Encoder Basics

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eng199
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Re: Encoder Basics

Post by eng199 »

gttool wrote: Thu Nov 12, 2020 3:06 am Oak related
I have not been able to find any reference to using Absolute encoders in the forums .
looking at buying a pair of Delta A2 drives and servos for a lathe they are available with absolute encoders ?
Just waiting on a price back for them
Is there any plc programming changes to be made to use them ?
Thanks
The drives repeat position to the control in incremental form. The encoders will be incremental from the control's perspective. Absolute position retrieve from Delta is not supported on any current Centroid hardware.
martyscncgarage
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Re: Encoder Basics

Post by martyscncgarage »

Basic testing of a differential encoder on the bench by Polaraligned:
Reminder, for support please follow this post: viewtopic.php?f=20&t=383
We can't "SEE" what you see...
Mesa, AZ
polaraligned
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Re: Encoder Basics

Post by polaraligned »

Soldering to a DB-9 Connector.

I had a gentleman send me his cables and encoders because he kept getting differential errors. Upon examination I was able to readily pull one of the encoder wires right out of the pin. The solder did not flow out and bond to the pin as seen in this picture. (white wire)
IMG_4825.JPG
A close up of the pin shows no adhered solder.
IMG_4843.JPG
When I removed cable by heating solder joints, there were a couple that did not show any bonding of the solder. See second pin from left.
IMG_4844.JPG

I will show some good suggestions on soldering to these connectors in the following pictures:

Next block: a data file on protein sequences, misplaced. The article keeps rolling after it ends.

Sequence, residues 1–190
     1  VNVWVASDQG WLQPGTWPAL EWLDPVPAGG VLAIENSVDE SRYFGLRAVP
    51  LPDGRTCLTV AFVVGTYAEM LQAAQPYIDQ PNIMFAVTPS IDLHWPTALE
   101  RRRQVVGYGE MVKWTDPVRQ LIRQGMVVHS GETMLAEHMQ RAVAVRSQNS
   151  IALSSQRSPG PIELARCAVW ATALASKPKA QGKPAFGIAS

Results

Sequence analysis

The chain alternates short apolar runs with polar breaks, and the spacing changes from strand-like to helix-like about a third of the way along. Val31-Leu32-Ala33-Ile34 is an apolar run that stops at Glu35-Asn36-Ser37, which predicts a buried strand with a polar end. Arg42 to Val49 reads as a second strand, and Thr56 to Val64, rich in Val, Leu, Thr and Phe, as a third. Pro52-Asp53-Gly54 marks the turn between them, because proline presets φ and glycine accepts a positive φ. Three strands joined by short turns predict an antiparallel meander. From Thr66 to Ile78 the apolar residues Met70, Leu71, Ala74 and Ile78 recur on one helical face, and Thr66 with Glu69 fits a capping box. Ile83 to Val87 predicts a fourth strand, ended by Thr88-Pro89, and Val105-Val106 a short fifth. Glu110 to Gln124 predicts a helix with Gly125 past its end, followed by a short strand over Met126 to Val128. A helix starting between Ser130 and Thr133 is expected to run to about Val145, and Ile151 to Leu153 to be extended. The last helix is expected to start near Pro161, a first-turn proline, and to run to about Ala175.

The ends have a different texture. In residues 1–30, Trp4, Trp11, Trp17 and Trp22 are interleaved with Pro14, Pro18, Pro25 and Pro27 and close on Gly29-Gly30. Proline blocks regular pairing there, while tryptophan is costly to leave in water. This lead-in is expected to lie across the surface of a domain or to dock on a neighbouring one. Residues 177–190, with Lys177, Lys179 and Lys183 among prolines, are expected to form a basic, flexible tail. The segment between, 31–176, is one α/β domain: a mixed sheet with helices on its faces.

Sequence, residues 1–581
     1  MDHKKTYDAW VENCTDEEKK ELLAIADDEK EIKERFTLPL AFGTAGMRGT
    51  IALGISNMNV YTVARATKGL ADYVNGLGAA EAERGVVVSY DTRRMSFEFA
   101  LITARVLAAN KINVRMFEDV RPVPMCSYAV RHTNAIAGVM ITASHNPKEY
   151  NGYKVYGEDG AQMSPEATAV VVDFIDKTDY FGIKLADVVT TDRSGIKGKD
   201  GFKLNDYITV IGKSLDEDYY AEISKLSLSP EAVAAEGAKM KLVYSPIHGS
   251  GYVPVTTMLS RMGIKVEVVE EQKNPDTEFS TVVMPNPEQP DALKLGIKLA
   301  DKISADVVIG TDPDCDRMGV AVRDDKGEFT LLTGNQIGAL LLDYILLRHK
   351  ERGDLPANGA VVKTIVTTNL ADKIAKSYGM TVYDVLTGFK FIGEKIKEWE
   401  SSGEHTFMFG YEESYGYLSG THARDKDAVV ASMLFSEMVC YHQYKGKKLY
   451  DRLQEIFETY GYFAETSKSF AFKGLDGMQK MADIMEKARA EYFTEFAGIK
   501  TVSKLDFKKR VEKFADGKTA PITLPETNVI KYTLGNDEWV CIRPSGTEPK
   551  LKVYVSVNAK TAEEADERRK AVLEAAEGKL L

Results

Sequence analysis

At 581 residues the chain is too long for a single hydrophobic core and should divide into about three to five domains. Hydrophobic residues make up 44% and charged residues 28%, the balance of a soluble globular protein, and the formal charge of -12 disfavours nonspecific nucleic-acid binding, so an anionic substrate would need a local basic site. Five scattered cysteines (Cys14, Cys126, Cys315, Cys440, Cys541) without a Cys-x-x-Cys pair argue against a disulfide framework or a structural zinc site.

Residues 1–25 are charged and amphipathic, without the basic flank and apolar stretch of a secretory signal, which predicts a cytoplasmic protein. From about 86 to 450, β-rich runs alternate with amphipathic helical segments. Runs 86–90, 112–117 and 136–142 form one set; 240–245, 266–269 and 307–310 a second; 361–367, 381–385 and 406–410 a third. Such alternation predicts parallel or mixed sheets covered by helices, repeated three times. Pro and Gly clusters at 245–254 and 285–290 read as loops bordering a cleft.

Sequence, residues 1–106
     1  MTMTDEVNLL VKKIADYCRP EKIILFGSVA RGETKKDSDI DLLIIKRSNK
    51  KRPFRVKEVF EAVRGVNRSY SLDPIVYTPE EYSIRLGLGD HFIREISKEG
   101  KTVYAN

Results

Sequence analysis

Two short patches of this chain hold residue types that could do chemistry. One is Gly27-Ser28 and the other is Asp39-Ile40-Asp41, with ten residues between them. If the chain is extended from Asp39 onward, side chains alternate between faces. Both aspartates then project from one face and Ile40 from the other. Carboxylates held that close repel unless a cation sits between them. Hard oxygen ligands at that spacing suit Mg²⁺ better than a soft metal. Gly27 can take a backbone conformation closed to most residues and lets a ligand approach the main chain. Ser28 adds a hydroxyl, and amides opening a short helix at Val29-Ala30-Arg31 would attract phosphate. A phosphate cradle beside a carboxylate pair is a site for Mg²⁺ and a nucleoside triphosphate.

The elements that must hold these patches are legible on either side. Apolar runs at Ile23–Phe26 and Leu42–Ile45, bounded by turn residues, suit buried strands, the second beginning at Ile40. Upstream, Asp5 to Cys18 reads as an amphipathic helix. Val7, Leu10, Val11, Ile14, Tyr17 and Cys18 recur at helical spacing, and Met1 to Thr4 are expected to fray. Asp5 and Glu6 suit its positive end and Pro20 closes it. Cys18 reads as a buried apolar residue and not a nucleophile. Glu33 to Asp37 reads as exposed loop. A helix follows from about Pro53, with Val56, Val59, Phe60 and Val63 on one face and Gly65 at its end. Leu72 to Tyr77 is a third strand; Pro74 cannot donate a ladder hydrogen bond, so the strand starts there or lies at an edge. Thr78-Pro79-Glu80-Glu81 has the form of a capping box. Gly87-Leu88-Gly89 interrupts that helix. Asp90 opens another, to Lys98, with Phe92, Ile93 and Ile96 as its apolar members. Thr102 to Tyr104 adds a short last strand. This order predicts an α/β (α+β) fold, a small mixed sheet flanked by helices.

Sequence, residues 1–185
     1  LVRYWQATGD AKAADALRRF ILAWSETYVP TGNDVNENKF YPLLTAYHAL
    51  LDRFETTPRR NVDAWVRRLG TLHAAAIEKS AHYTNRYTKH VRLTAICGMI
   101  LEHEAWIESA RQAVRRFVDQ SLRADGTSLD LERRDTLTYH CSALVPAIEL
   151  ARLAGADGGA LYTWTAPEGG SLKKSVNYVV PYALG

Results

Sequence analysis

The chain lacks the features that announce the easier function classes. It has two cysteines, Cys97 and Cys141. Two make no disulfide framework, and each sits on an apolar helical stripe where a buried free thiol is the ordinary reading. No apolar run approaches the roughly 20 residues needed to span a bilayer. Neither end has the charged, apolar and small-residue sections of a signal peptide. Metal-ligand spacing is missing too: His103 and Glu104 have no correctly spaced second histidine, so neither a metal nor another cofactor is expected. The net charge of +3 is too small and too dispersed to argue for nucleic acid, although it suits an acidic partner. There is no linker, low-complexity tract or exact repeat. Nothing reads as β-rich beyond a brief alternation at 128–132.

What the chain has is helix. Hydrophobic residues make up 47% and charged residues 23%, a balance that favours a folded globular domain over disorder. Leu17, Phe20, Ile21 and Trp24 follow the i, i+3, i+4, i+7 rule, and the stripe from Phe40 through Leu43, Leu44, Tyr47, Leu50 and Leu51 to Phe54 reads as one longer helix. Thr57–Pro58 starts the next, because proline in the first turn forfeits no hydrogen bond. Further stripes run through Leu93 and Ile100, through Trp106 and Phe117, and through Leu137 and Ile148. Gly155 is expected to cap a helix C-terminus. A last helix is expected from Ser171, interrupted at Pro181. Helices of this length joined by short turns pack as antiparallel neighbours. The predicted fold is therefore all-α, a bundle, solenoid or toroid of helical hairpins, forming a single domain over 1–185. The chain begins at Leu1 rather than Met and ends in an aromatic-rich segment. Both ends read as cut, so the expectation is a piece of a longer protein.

First, use a good electronics flux on the pins. Apply fairly heavily. Do NOT use a plumbing solder as it is acid based and too corrosive for electronics.
IMG_4838.JPG
Heat the pin and lay a small bead of solder in the cup of the pin.
IMG_4846.JPG
Strip your wire a little longer than you need and flux it up, especially if it is copper that is not tin plated.
IMG_4847.JPG
Now tin the wire by heating it and adding a very little bit of solder. You can then snip the ends to proper length and you have no worries about stray strands of wire.
IMG_4848.JPG
You can then just lay the wire right onto the pins that have a puddle of solder then apply the iron tip to the wire and it will sink right into the pin.
Not perfect in the picture below, but I was dealing with previously used connectors.
IMG_4850.JPG
IMG_4853.JPG
If you do this correctly you will absolutely not need any sleeving to go over these pins.
It is best to use 63/37 rosin core electronic solder as it is a eutectic solder, that is, it has no plastic region- in other words, it goes from liquid right to solid as it cools. That leaves less chance for a slight motion as the joint is cooling to cause a cold solder joint. I used 60/40 here, but I have been soldering for 45 years. I would not recommend any lead free solders for the inexperienced. Lead is your friend :D

EDIT: And never melt the solder on the soldering iron tip. Heat the metal and let the solder flow to the heat. Don't let the solder melt off the iron tip and into the joint or the solder connection will fail. Often I put a small spot of solder on the iron tip which helps with transferring the heat from the iron to the joint and does nothing more.
Last edited by polaraligned on Sun Oct 03, 2021 5:53 pm, edited 1 time in total.
martyscncgarage
Posts: 9153
Joined: Tue Mar 28, 2017 12:01 pm
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Location: Mesa, AZ

Re: Encoder Basics

Post by martyscncgarage »

Ugh, that is clearly not the way to solder.
Thank you for taking the time to show what it should look like when properly done withe the CORRECT iron, tip, temperature and solder.

Marty
Reminder, for support please follow this post: viewtopic.php?f=20&t=383
We can't "SEE" what you see...
Mesa, AZ
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